Scroll To Top

AIDS death rate
is higher among drug users

AIDS death rate
is higher among drug users

HIV patients who persistently use cocaine and heroin face a greater risk of opportunistic infections, disease progression, and death compared with HIV patients who do not use drugs, according to a new study.

Gregory M. Lucas of the Johns Hopkins University School of Medicine and colleagues used confidential computer-based interviews to survey patients in Baltimore at six-month intervals beginning in 1998. The study's 1,851 participants included 1,028 nonusers, 588 intermittent users (drug use for an average of 14 days in the previous six months), and 235 persistent users (drug use for an average of 27 days in the previous six months). At three years, the estimated survival rate was 68% for persistent users, 80% for intermittent users, and 87% for nonusers.

After the researchers adjusted for age, race, gender, lowest CD4-cell count, and highest HIV level, they found the risk of death was almost twice as high in intermittent users and close to three times as high in persistent users. During periods of abstinence from drug use, however, the risk of new opportunistic infections was near that of nonusers. When intermittent users were actively using drugs, their risk was closer to that of persistent users. The researchers noted similar risks for progression of HIV disease.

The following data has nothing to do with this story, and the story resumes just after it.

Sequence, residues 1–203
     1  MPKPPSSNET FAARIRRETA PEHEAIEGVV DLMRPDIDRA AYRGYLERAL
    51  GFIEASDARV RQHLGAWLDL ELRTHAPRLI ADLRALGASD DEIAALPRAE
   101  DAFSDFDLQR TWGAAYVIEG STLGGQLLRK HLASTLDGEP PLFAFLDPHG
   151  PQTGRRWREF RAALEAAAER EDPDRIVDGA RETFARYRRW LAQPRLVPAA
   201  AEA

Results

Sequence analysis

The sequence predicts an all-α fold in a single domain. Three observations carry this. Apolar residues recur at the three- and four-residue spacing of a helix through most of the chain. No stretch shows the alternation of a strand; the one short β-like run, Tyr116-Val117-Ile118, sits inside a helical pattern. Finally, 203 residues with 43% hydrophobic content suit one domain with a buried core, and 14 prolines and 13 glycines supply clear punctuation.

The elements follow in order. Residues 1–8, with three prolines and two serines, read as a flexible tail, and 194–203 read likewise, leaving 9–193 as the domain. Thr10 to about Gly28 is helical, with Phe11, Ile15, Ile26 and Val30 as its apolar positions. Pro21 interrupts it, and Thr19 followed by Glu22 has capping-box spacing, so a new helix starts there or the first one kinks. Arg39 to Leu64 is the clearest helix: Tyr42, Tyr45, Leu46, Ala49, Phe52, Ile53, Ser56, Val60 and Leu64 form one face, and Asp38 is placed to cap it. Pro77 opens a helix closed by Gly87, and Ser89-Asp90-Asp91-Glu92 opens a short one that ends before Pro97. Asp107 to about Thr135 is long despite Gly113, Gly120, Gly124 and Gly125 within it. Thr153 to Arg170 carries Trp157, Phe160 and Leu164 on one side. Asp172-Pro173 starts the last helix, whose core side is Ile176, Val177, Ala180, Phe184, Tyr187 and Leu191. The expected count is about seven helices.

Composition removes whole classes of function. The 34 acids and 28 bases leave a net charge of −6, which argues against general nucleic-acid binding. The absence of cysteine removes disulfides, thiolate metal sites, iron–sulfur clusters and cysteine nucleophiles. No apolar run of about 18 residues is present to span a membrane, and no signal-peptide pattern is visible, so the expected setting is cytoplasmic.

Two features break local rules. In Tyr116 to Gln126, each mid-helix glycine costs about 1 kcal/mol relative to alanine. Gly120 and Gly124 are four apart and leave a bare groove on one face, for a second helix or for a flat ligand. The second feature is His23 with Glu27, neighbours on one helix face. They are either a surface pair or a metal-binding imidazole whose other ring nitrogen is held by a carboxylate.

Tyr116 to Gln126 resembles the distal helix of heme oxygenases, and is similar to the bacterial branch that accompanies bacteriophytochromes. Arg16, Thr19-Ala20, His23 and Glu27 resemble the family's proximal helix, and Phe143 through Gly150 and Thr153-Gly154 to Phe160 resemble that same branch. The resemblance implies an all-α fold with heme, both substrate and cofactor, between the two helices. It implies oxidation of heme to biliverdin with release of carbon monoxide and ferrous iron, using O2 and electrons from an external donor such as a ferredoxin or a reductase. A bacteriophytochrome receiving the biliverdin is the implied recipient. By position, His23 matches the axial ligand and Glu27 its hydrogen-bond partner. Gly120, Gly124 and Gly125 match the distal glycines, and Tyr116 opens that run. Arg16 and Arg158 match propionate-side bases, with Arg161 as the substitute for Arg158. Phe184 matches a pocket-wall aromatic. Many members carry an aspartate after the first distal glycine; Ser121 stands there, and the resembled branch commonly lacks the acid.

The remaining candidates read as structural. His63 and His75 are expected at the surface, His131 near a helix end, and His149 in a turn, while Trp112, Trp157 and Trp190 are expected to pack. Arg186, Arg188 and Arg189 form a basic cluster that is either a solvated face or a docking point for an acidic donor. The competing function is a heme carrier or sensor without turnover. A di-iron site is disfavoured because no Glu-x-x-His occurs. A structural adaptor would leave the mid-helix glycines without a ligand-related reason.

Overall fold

Lucas and colleagues suggested that the effects of drug use on disease progression may be related to increased viral replication, impaired lymphocyte function, reduced access to care, and poor adherence to drug therapy.

For patients who use heroin or cocaine, the authors recommended a treatment program that links HIV, substance abuse, and psychiatric treatment. Buprenorphine therapy for opioid dependence may help these patients, the researchers wrote. (Reuters)

Advocate Channel - The Pride StoreOut / Advocate Magazine - Fellow Travelers & Jamie Lee Curtis

From our Sponsors

Most Popular

Latest Stories

Outtraveler Staff